High-Profile Monk Accompanies Myanmar Junta Deputy Chief on Russia Trip

By The Irrawaddy 2 September 2021

One of Myanmar regime leader Senior General Min Aung Hlaing’s favorite Buddhist monks, Sitagu Sayadaw, is accompanying the junta’s No. 2 man on his current trip to Russia, seemingly providing further confirmation of the popular opinion that he is close to the junta leaders.

Regime spokesperson Major General Zaw Min Tun confirmed that the monk is traveling with Vice Senior General Soe Win, who is now in Moscow to attend the closing ceremony of the International Army Games-2021. They both left for Russia on Wednesday.

The reason behind the monk’s Moscow mission is not known yet. His sudden trip to Moscow at this time is quite unusual for a Buddhist monk, because the clerics are not supposed to travel until next month, after Lent is over.

The spokesperson told The Irrawaddy that the 84-year-old monk is now staying at the Myanma Theravada Buddha Vihara Monastery in Moscow, to which Min Aung Hlaing and his wife, among others, are donors.

Sitagu Sayadaw (sitting in armchair) at the Myanma Theravada Buddha Vihara Monastery in Moscow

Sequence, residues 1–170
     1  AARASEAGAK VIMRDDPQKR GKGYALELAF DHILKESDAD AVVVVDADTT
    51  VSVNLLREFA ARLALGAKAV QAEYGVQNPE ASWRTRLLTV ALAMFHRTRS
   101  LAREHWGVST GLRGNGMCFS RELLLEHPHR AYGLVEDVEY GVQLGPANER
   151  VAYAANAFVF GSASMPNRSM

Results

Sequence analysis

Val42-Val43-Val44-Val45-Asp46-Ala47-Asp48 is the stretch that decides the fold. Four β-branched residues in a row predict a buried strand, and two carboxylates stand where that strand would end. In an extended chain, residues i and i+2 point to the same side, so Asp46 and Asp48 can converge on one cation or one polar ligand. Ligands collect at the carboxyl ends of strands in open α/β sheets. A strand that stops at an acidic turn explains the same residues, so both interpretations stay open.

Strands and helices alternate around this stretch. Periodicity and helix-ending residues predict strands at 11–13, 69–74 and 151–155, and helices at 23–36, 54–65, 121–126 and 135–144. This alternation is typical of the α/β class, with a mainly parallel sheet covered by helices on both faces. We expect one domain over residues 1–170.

Once highly venerated by many Buddhists in Myanmar for his outspokenness against dictatorship, the monk, who is also known as Ashin Nyanissara, has fallen into disgrace in the eyes of his former followers since the February coup due to his near total silence on Min Aung Hlaing’s deadly crackdowns on regime opponents.

While many young Buddhist monks were taking to the streets nearly every day against the regime, Sitagu Sayadaw never failed to receive Min Aung Hlaing and his wife at his monastery at Sagaing Hill. When Min Aung Hlaing took blessings from Myanmar’s senior monks for his construction of the world’s largest Buddha statue in Naypyitaw in March, Sitagu Sayadaw was there. At the time, nearly five dozen protesters were gunned down by the regime’s troops across the country.

Long before Min Aung Hlaing came to power, the monk publicly said he wished then President U Thein Sein would be re-elected when the quasi-civilian government led by former generals was in power from 2011 to early 2016.

Since that time, he has been seen by some as sitting on the fence.

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